The Viper's V10 engine is paired with a six-speed manual transmission. For 2008, it gets a new twin-disc clutch (to replace its previous single clutch) for reduced clutch-pedal effort. Most test drivers welcome the updated architecture, though they don't exactly heap praise upon the manual. "Power-shifting through the gears of the Viper's six-speed Tremec transmission is like driving a D9 Cat through a mobile home: There's a lot going on, but hold the wheel straight and nothing matters except the thrill," says Edmunds. Cars.com finds the shifter has "much shorter throws and clearly defined gates, which makes it a pleasure to operate. I'd accepted that a beefy gearbox needed a meaty and somewhat clumsy gearshift. Apparently not." The simply comments, "The six-speed Tremec manual transmission does not shift as smoothly as I'd like, but it never has."
Handling and Braking
The 2008 Dodge Viper's fully independent four-wheel suspension with lightweight coil-over shock absorbers is mostly a carryover from 2006, though it does get a new speed-sensing limited-slip differential. The suspension is generally applauded for keeping the Viper pinned to the road. "Carving a line through the twisting north course of Virginia International Raceway, the Viper turns in as quickly and precisely as any car we've driven, with more grip than we know what to do with," says AutoWeek. "This Viper handles so well it's difficult to tell how much difference those extra ponies make." Though Consumer Guide says that the ride can be "frequently choppy," most realize that a little choppiness comes with the territory. "The extra stiff suspension, designed for ripping through turns, also leaves the ride rough, which is fine for a car like this," says the . "On the highways around Detroit, the Viper bounced over concrete seams like a 25-cent store pony."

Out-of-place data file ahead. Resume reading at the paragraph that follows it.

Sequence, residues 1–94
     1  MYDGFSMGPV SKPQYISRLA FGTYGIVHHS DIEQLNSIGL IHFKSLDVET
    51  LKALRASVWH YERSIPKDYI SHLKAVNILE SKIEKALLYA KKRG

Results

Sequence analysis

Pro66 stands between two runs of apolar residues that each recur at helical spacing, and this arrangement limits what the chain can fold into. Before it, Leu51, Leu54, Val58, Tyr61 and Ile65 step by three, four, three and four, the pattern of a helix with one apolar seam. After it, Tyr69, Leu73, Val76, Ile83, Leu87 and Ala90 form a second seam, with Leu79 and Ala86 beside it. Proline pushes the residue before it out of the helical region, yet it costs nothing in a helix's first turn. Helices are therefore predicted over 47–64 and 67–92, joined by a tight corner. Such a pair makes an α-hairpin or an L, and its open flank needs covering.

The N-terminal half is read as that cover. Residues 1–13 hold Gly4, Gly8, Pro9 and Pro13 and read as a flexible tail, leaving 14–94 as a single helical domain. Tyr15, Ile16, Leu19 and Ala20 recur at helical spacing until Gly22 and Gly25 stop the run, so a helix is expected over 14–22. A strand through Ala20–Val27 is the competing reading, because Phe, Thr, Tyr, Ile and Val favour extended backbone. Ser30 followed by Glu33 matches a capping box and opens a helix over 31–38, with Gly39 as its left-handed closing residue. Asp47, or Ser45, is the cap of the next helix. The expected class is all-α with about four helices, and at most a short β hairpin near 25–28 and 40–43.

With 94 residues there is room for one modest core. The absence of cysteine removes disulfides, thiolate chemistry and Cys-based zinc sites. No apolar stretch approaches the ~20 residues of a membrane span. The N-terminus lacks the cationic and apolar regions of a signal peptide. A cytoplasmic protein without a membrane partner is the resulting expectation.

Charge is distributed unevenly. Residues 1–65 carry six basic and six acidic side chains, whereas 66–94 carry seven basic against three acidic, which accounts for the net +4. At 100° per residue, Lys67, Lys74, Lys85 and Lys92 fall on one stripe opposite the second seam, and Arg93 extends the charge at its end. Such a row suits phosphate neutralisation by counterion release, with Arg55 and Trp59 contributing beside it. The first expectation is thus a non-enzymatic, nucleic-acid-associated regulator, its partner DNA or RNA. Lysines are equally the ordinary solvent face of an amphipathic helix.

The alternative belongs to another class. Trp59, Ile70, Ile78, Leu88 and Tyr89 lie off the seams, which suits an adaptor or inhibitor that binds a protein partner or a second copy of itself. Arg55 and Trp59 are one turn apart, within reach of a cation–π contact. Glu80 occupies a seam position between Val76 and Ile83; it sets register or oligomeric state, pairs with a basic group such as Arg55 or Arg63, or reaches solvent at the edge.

In addition, most say the rear-wheel-drive Viper is actually more comfortable on the road than the previous model. "Viper engineers have notably improved ride comfort with the 2008 Viper SRT10; switching away from stiff-sidewall run-flat tires helped," says Kelley Blue Book. "While still harsher than an average sedan, the Viper's ride is now comparable with the Corvette Z06."